The sisters said Klint was the most outgoing and adventurous of the group, with a love to travel.

“He didn’t let anything stop him,” Gin said. “He would find friends wherever he was. He would have a friend.”

But nothing meant more to Klint than his family, and anytime he could be with his family, he would. His sisters said he once made a 36-hour turnaround trip to be with them on Christmas Eve — which was also his birthday — only to head back to work again when he returned.

Growing up, the girls said Klint was spoiled.

“He was the youngest of five kids with four big sisters,” Jessi said. “So he got lots of attention.”

“We were spread pretty far apart,” Gin said. “He was 16 years younger than me.”

But that age difference didn’t define the closeness of the family, the girls added.

“We talked every day,” Gin said. “It was different. Most people, you think, would grow up and move away. I loved it when we were all five kids together. It was always fun and we were always laughing. We were always supporting each other.”

“One of the things people commented on was how close we were,” Jessi added.

Jessi said Klint recently visited so his son Logan could meet his newest cousin, Jessi’s infant son Gus.

As such a close family, the girls had numerous memories with Klint, but one of Jessi’s favorites shows Klint’s fun-loving nature.

“One of my fondest, he went with me to one of my friends’ weddings,” she said. “And Klint could dance, so people would come up and ask.”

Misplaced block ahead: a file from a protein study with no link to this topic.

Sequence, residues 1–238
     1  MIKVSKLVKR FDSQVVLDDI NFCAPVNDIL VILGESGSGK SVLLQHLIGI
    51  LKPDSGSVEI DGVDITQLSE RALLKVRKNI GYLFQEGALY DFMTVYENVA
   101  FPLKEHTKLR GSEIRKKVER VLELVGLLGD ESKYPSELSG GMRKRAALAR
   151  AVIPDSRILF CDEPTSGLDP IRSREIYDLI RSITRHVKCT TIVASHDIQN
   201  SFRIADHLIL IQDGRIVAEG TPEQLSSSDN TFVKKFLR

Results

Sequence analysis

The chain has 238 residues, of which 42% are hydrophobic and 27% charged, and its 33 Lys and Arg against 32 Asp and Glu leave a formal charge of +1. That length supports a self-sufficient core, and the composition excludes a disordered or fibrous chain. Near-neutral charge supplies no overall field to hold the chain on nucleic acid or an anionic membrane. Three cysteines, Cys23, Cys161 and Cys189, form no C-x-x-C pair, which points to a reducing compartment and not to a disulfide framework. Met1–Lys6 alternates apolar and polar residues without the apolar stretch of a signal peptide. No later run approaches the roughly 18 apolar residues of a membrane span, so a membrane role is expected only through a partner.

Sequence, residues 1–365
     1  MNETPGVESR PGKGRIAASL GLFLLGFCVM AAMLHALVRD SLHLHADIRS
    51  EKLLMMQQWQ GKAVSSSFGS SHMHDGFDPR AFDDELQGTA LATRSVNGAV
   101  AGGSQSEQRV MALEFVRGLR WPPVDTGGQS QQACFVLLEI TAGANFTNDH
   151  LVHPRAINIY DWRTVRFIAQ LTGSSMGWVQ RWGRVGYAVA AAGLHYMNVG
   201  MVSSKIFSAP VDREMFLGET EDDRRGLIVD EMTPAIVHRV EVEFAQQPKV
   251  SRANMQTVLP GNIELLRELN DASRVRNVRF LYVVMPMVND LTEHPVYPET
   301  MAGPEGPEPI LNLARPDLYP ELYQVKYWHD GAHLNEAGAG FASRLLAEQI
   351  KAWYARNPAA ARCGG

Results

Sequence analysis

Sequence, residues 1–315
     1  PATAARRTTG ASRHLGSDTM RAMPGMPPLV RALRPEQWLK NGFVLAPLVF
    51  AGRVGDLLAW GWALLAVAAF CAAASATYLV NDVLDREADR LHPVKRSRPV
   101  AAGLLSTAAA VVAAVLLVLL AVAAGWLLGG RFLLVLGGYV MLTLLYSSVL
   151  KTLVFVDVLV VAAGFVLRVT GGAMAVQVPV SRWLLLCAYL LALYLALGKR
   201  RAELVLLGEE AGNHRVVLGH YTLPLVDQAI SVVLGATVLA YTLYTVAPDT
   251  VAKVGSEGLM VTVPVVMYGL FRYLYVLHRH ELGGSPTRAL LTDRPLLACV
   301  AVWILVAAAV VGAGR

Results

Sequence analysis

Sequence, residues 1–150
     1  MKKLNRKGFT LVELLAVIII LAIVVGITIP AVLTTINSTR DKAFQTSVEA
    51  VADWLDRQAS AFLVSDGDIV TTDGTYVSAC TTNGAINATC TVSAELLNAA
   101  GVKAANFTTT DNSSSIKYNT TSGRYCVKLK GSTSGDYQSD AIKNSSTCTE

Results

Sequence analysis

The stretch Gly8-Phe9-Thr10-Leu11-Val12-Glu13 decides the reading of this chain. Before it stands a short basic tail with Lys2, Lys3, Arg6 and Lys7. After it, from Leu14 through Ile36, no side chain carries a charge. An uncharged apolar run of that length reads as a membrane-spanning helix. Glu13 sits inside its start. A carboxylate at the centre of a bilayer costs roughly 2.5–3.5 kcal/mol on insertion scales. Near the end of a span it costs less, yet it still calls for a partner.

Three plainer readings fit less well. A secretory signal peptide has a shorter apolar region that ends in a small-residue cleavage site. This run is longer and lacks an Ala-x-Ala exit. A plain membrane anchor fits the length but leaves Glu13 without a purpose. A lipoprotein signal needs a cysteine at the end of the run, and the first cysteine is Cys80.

She said Klint went up to the DJ and requested Michael Jackson’s “Beat It” and proceeded to dance a folk-style country two-step type dance.

Beyond family and friends, Klint was an avid outdoorsman and loved his hound dogs and bear hunting. Jessi said he had recently started a Facebook page, Foley Swap Plots, to promote his own bloodline of hound dogs.

“He loved bear hunting and would talk about bear hunting on his Facebook page,” she said. “He was starting a vlog and had about four episodes.”

The loves of Klint’s life was Lindsey, his son Lincoln and his daughter Alexis, who was born on the day of his memorial and two years to the day after her brother Lincoln.

“Lindsey got up out of bed six hours after having that baby and was front row at the memorial,” Jessi said.

Jessi said Lindsey and Klint had a special bond, and it was exciting to watch him grow into a family man.

“She put up with him, she had to have loved him,” Gin said, laughing. “We teased him because he was the baby and a mama's boy. It was funny to see him walking around with a baby and a diaper bag over his shoulder. He would take him everywhere.”

“It was funny to see what a good dad he was,” Jessi said. “He loved kids. He was funny, charismatic. He was great with our kids. It was funny to see him grow up. One time him and Lindsey took all of our kids — five of them and a cousin — up to the UP for a week and took them camping. He was a great uncle and they are devastated.”

Klint leaves behind Lindsey, Lincoln and Alexis; his mother, Kathi; sisters, Niki (Bo) Fisher, Gin (Dan) Kozlowski, Tika (Steve) Cowie and Jessi (Kyle) Joyce; nieces, Paige, Teegan and Aubrey; nephews, Chaz, Zane and Gus; and many cousins and friends whom he treated like family.

He was preceded in death by his grandparents, Frank and Esther (Fountain) Gordert, Everett (Pick) and Lois (Buchanan) Mitchell; and his father, Joe, aka Big Pappy J.

His obituary said Klint lived to the fullest and loved just as hard. The family asks that if you would like to honor Klint, go be fearless. Take the jump, and do something you’ve been scared to do.

“I would like to thank everyone in the community for their support,” Jessi said. “It has been overwhelming. People loved him.”